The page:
1 Its red and white roses would die.
2 No line like that warped his red lips.
3 Hectic spots of red burned on his cheeks.
4 Some red star had come too close to the earth.
5 A red pencil-mark on the fifth page caught his eye.
6 "I do not understand you," said Sir Thomas, growing rather red.
7 And it was certainly stupid of him to have marked it with red pencil.
8 He loved the red gold of the sunstone, and the moonstone's pearly whiteness, and the broken rainbow of the milky opal.
9 The orphreys were woven in a diaper of red and gold silk, and were starred with medallions of many saints and martyrs, among whom was St. Sebastian.
10 "Dorian," she answered, lingering over his name with long-drawn music in her voice, as though it were sweeter than honey to the red petals of her mouth.
11 Had it not been for the red jagged tear in the neck and the clotted black pool that was slowly widening on the table, one would have said that the man was simply asleep.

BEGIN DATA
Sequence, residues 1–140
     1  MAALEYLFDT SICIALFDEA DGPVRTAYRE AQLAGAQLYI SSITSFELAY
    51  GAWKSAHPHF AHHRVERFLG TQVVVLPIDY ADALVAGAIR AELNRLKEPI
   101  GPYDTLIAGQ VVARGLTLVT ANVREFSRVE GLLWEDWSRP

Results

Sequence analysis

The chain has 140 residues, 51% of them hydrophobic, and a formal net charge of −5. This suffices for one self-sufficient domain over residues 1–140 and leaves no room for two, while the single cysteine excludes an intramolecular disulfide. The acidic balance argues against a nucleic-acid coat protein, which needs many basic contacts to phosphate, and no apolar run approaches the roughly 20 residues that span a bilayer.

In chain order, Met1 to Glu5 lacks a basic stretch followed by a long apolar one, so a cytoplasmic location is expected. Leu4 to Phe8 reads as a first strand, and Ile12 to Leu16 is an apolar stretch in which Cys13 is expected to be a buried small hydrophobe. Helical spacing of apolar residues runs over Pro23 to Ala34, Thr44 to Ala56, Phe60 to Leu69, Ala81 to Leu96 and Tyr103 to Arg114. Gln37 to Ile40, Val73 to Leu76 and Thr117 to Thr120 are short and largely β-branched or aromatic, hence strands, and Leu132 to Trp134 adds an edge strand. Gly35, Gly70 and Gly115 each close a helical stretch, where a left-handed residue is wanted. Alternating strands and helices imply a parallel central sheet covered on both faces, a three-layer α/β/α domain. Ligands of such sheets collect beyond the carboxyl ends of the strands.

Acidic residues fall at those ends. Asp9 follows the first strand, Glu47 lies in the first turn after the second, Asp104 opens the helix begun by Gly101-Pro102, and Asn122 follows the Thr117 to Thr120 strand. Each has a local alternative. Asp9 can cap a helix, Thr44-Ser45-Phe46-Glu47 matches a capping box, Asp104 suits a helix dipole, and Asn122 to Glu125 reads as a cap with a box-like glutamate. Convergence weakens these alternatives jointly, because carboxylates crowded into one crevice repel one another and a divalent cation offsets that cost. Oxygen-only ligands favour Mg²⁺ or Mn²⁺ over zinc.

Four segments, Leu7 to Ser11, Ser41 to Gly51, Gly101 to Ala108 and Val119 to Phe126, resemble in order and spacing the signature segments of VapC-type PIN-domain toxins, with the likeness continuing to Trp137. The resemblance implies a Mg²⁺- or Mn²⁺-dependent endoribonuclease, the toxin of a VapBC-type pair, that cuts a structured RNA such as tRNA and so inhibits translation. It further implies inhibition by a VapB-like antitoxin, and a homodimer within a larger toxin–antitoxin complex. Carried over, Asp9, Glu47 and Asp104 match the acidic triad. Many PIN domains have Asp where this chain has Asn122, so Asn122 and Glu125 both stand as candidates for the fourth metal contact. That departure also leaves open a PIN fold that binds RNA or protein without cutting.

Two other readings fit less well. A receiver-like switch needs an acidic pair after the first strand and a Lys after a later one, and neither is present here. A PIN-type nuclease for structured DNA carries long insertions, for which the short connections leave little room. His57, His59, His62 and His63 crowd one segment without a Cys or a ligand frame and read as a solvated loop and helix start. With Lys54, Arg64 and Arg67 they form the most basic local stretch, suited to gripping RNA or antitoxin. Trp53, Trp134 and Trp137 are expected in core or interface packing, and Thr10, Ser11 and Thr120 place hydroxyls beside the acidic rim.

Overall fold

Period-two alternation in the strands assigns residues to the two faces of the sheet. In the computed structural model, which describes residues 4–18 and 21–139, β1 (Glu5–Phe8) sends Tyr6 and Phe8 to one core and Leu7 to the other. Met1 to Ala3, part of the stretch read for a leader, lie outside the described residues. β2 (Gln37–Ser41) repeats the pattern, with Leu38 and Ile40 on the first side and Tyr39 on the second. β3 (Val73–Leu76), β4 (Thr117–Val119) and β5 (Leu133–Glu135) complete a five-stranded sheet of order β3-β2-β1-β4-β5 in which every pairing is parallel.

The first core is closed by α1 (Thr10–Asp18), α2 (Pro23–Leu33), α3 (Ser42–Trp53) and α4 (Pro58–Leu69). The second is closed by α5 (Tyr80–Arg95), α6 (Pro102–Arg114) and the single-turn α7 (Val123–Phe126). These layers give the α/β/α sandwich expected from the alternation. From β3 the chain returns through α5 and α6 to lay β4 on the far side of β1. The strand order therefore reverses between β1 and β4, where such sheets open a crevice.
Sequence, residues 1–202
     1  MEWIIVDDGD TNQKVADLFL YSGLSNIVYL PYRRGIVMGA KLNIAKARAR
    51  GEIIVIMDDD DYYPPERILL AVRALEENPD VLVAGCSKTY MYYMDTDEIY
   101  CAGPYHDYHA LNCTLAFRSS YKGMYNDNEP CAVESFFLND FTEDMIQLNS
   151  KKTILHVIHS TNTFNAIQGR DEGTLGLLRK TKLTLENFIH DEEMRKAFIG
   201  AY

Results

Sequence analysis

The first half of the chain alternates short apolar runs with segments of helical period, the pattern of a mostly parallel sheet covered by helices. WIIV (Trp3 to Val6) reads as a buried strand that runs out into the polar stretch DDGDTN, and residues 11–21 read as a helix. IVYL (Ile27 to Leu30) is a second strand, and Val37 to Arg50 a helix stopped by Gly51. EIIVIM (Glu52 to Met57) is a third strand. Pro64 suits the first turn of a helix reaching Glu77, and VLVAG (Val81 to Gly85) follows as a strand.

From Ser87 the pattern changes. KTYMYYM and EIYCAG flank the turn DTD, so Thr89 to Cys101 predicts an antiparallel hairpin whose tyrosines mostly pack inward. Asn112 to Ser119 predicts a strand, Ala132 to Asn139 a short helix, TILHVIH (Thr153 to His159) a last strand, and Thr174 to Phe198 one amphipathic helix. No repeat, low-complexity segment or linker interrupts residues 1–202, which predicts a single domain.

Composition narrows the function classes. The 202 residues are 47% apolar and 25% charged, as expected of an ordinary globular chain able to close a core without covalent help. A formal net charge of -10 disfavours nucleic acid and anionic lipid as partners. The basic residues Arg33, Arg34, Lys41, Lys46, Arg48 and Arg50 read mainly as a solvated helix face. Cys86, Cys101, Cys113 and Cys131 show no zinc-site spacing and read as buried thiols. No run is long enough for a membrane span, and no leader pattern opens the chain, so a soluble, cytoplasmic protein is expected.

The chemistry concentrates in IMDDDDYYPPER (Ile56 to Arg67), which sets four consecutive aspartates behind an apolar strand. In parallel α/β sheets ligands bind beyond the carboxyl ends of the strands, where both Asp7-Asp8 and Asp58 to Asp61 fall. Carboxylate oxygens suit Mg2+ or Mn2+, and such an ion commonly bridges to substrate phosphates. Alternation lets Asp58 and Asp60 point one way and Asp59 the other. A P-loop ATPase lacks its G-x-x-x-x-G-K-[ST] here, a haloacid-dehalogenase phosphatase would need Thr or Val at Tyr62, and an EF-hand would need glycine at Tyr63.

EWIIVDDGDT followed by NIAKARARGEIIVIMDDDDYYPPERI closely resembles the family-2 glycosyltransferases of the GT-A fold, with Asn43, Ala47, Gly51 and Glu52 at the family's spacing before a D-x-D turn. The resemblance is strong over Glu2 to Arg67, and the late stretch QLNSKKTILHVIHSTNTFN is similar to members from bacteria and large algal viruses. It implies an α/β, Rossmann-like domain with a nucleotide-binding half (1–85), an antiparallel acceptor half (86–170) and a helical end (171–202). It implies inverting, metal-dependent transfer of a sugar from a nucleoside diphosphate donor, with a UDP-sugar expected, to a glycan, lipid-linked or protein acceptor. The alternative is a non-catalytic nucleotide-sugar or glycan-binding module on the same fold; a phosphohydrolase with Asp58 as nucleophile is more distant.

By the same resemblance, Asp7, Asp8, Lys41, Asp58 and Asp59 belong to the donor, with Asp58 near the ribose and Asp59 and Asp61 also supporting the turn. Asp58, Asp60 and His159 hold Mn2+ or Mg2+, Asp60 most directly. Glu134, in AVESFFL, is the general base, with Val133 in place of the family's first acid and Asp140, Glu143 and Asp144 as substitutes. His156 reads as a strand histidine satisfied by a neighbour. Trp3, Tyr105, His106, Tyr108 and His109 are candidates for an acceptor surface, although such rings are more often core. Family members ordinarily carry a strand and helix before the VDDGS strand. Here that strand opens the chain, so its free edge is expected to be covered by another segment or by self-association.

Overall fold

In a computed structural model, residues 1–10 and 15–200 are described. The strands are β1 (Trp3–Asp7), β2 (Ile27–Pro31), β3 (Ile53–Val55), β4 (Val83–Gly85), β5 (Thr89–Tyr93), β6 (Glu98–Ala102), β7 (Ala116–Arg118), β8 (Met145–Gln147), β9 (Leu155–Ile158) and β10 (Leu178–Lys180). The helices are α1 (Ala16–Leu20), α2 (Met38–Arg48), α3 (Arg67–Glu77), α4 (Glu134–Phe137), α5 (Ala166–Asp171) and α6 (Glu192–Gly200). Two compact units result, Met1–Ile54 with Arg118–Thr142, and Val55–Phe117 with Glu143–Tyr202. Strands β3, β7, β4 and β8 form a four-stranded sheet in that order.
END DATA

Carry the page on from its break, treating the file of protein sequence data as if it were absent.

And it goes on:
12 A long line of boys carrying crates of striped tulips, and of yellow and red roses, defiled in front of him, threading their way through the huge, jade-green piles of vegetables.
13 He was like one of those gracious figures in a pageant or a play, whose joys seem to be remote from one, but whose sorrows stir one's sense of beauty, and whose wounds are like red roses.
14 She wore a moss-coloured velvet jerkin with cinnamon sleeves, slim, brown, cross-gartered hose, a dainty little green cap with a hawk's feather caught in a jewel, and a hooded cloak lined with dull red.
15 Her white feet trod the huge press at which wise Omar sits, till the seething grape-juice rose round her bare limbs in waves of purple bubbles, or crawled in red foam over the vat's black, dripping, sloping sides.
16 And how charming he had been at dinner the night before, as with startled eyes and lips parted in frightened pleasure he had sat opposite to him at the club, the red candleshades staining to a richer rose the wakening wonder of his face.
17 He would often spend a whole day settling and resettling in their cases the various stones that he had collected, such as the olive-green chrysoberyl that turns red by lamplight, the cymophane with its wirelike line of silver, the pistachio-coloured peridot, rose-pink and wine-yellow topazes, carbuncles of fiery scarlet with tremulous, four-rayed stars, flame-red cinnamon-stones, orange and violet spinels, and amethysts with their alternate layers of ruby and sapphire.
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